And concerns about the value of the coronavirus vaccine increasingly spills over into routine vaccinations.

“We have seen some hesitation in vaccines during the pandemic related mainly, I think, to the covid vaccine. And that could, in some cases, translate into routine vaccinations,” the CDC’s Peacock said. “And that’s something we’re watching very closely.”

Preventable diseases have spread rapidly, she warned, pointing to recent measles outbreaks in Ohio and Minnesota.

The CDC recommends children get two doses of the MMR vaccine, the first dose between 12 and 15 months and the second between 4 and 6 years old. One dose of vaccine is about 93% effective in preventing measles; two doses are approximately 97% effective.

In the Columbus outbreak, most of the 83 infected children were old enough to get vaccinated, but their parents chose not to, officials said, leading to the largest outbreak of the agent. highly infectious pathogen in the country in 2022. If no new cases are reported by Jan. 30, authorities will likely declare this outbreak over, said Myles Bell, a spokesperson for the Columbus Health Department.

Minnesota reported 22 measles cases between June and November last year, but they occurred in multiple clusters. This trend was more concerning than a single large epidemic, such as the the one the state experienced in 2017.

The clusters “remained contained like small campfires, but each had the potential to grow significantly into a wildfire that could have had more severe consequences,” said Doug Schultz, spokesperson for the health department. of Minnesota. Vaccine hesitancy was a contributing factor to both outbreaks, health officials said.

Peacock and O’Leary also highlighted the case of paralytic polio in a New York man this summer that has raised concerns about low childhood immunization rates and growing misinformation about vaccines could lead to the resurgence of the disease, decades after vaccination eliminated it in the United States.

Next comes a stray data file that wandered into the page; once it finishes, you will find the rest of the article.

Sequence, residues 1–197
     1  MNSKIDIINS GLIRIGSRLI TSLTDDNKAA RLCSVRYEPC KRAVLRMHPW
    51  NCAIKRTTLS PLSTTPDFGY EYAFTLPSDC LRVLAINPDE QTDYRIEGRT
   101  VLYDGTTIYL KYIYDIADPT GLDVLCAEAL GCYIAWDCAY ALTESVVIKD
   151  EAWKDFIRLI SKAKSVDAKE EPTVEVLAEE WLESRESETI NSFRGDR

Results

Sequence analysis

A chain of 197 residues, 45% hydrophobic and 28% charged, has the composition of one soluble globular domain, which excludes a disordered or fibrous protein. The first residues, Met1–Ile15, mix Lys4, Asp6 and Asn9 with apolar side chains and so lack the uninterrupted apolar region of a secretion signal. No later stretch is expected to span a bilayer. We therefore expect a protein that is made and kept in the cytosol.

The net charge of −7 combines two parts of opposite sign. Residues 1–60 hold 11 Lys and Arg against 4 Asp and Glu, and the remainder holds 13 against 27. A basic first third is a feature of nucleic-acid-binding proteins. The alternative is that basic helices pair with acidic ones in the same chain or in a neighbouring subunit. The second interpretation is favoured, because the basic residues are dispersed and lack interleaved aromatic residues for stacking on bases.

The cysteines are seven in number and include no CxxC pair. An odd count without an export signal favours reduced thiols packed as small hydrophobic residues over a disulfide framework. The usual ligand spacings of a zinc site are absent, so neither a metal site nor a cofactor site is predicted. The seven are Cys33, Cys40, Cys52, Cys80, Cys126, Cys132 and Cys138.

“I think all of this proves that we have pockets in the United States where we have low vaccination coverage in children … and also in these particular communities a need to increase vaccination rates,” Peacock said in an interview. .

The CDC launched an initiative this week to restore routine immunizations for adults and children on schedule. Authorities are giving health care providers more information and strategies to help them talk about vaccines and work more intensively with community groups in areas where vaccination rates are very low.

Rupali Limaye, an associate professor at Johns Hopkins University who has studied vaccine hesitancy, said the overall drop in childhood vaccination rates is concerning, and the drop in measles vaccination in particular is dangerously small. and “quite concerning”.

Over the past three years, she has spoken to hundreds of parents, churches and other community groups about the coronavirus vaccine. Many people may not have had problems with the routine vaccination schedule before the pandemic, she said. But confusing messages about the need for children to get vaccinated against the coronavirus “affected their decision-making about these routine vaccinations”, Limaye said.

Vaccination advocates say it’s hard to increase vaccination rates without better understanding why they’ve fallen.

“The most recent surveys show that parents are still overwhelmingly supportive of childhood vaccines, so is it an awareness issue?” asked Erica DeWald, director of strategic communications at Vaccinate Your Family, a vaccination advocacy group. “Or do we identify the access issues that have arisen as a result of the pandemic? We must continue to work with community partners to identify and remove underlying barriers to immunization. »

Dan Keating contributed to this report.